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Dose Reduction Ups Recovery After First-Episode Psychosis

Last Updated: July 08, 2013.

 

Reduction or discontinuation of antipsychotics associated with better long-term recovery

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Patients in remission from first-episode psychosis have better long-term recovery after reduction or discontinuation of antipsychotics rather than maintenance treatment, according to a study published online July 3 in JAMA Psychiatry.

MONDAY, July 8 (HealthDay News) -- Patients in remission from first-episode psychosis have better long-term recovery after reduction or discontinuation of antipsychotics rather than maintenance treatment, according to a study published online July 3 in JAMA Psychiatry.

Lex Wunderink, M.D., Ph.D., from Friesland Mental Health Services in Leeuwarden, Netherlands, and colleagues performed a seven-year follow-up of 103 patients with six months of remitted first-episode psychosis who had been randomly assigned to antipsychotic dose-reduction/discontinuation or maintenance treatment for 18 months.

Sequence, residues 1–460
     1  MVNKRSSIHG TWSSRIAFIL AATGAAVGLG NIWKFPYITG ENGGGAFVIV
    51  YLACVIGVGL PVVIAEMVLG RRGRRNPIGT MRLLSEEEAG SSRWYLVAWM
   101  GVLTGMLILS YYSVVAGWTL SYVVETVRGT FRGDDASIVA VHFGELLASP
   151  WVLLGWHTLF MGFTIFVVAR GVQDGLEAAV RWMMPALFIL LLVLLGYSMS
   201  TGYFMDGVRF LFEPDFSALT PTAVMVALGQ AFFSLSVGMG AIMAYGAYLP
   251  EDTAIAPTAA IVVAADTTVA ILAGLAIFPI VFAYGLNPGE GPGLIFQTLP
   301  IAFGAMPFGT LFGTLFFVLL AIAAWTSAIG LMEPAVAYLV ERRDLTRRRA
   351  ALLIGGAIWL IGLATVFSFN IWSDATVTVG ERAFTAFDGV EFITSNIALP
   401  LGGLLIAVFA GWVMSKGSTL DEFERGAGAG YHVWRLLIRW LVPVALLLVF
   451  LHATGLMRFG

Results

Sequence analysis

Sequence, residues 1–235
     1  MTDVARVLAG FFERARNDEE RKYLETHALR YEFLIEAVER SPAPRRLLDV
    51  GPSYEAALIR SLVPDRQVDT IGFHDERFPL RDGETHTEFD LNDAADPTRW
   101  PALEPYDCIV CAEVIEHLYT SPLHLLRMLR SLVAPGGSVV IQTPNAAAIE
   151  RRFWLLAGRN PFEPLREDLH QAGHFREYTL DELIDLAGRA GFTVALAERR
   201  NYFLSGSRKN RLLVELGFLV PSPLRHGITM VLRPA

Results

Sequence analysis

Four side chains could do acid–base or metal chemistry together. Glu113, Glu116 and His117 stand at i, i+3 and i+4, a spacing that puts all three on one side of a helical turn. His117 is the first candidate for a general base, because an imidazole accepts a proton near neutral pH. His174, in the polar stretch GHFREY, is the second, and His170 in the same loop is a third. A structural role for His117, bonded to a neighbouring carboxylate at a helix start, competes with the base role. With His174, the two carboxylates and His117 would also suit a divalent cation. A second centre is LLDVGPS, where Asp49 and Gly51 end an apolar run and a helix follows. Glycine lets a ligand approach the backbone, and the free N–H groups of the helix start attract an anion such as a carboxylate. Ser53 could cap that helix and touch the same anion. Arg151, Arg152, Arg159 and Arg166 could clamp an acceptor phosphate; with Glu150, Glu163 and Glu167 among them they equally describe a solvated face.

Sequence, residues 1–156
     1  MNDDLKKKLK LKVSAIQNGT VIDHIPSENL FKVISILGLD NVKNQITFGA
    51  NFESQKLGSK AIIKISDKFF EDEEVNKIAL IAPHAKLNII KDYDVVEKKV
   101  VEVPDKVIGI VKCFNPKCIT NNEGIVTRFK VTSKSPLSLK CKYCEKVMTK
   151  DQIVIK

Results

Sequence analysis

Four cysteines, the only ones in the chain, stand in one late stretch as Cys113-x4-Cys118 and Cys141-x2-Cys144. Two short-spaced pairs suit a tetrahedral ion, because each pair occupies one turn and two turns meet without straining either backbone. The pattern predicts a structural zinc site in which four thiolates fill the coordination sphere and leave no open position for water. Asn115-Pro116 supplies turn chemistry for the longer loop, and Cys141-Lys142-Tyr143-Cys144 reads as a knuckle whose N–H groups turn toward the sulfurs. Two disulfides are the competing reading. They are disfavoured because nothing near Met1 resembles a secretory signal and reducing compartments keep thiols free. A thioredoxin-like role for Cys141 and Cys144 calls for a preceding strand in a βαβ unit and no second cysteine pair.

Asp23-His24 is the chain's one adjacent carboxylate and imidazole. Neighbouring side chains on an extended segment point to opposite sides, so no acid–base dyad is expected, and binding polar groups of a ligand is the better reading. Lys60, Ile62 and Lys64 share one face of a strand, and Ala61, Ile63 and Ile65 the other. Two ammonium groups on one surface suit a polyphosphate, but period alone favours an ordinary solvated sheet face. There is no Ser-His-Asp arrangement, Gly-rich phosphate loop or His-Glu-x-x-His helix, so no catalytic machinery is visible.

The researchers found that patients in the dose-reduction/discontinuation group had a significantly higher recovery rate than the maintenance treatment group (40.4 versus 17.6 percent; odds ratio 3.49). The better recovery rates were associated with higher functional remission rates but not symptomatic remission rates.

"Dose reduction/discontinuation of antipsychotics during the early stages of remitted first-episode psychosis shows superior long-term recovery rates compared with the rates achieved with maintenance treatment," Wunderink and colleagues conclude.

The study was funded in part by an unconditional grant from Janssen-Cilag.

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